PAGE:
10. A lot of people lack confidence in ideas (in general, not just their own) and tether their support to morality as a result. It's important to appeal to these people as long as their opinion matters. Republicans have a natural advantage at that due to how deeply intertwined religion is into the general framework of the party, giving people inherent incentive to follow them- even at the expense of morality in other aspects- so Democrats need to pick up the slack in other areas. It's not actually a losing strategy as long as Democrats can display a consistent morality, but uhhh... they certainly haven't lately, to say the least.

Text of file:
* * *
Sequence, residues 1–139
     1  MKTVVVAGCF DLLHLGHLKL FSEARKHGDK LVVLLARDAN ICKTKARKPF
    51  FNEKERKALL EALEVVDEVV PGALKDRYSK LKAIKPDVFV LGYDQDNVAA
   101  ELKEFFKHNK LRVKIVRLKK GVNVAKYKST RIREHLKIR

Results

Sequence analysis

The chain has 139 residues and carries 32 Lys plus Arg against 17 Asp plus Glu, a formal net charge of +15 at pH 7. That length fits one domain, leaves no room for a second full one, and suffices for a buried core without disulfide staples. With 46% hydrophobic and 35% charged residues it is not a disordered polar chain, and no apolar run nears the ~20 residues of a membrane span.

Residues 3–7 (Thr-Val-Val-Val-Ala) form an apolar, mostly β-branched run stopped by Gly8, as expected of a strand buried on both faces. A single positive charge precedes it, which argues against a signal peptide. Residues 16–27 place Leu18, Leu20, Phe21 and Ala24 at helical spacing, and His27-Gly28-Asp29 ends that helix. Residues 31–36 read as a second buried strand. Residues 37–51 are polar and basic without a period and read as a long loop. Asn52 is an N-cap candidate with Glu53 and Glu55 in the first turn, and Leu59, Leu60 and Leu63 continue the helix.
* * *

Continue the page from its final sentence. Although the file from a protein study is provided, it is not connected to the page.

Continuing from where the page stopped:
11. I'm going to speak in more abstract terms, so forgive me if I stop making sense somewhere along the way. While whoever makes up the "majority" and the "minority" does make a pretty big difference, the American political system (or Democracy in general I guess) is just a game between x number of groups to convince the uncertain that one side is the correct one. Or, more accurately, it's a game to solidify the abstract into something that the masses can have faith in (for some perspective, this is something that religion has already succeeded at). Anyone who doesn't realize this isn't fit to lead in a Democratic society. The Russia investigation is just another play in that game, and i don't think it's doing the job it needs to do. It's the kind of play that only works from a position of strength, and the Democrats have done nothing but weaken themselves thanks to things like the DACA fiasco. The Democrats need to make moves that work from a position of weakness, and that people can immediately relate to and understand. This is not one of those plays. Impeachment on a figure as strong as Trump is an action that only the truly apathetic can't form an opinion on, and it's an action that doesn't truly affect anything that the common man cares about. The truth has become muddled, vague, and at times, incoherent, and the Russia investigation, so far, is not clear enough to be a beacon for anyone who wasn't already looking in its direction. It's not an anchor that drags people towards the "correct" decisions. It might win the Democrats a lot of seats, but it still won't make them strong enough (in the abstract sense, not the political one) to properly act without tipping the uncertain over the edge. Tipping people over the edge is exactly what leads people to political extremism, because it causes them to define truth in absolutes rather than maybes, and extremism is counterproductive in a Democratic society. The masses lack the perspective needed to handle extremism with the care it deserves, because extremism becomes dangerous the moment you don't have the ability to view things from enough differing perspectives. We'll get extremes on one side, extremes on another side, and a bunch of people who don't give a sheet as the only ones left to vote. It's not worth it. Also, for some perspective, Trump's mindless sycophants are only like that because they've lost their faith in America and are desperately looking for someone to restore it, so they've placed their faith in someone who clearly defined truth for them (whether it was the actual truth or not). I'd advise treating them with a little more respect, because people like us have done nothing but shake that faith ever since the last election season started. You're not arguing in a way that's conductive towards allowing or encouraging people to find the actual truth on their own, which is the only way they can grasp it. You're arguing in a way that forces them to define it before they're truly ready. I don't think you view the law in the same way I (or a lot of people in politics) do. It's an abstract concept, not an objective standard. It's something that only works if people have faith in it and its interpretation. They attach the truth of the law to whoever makes it most clear to them, and attacking that person does more harm than good. The idea of the law has become so weak in the eyes of American citizens that there's no value in enforcing it outside of raw pragmatism anymore.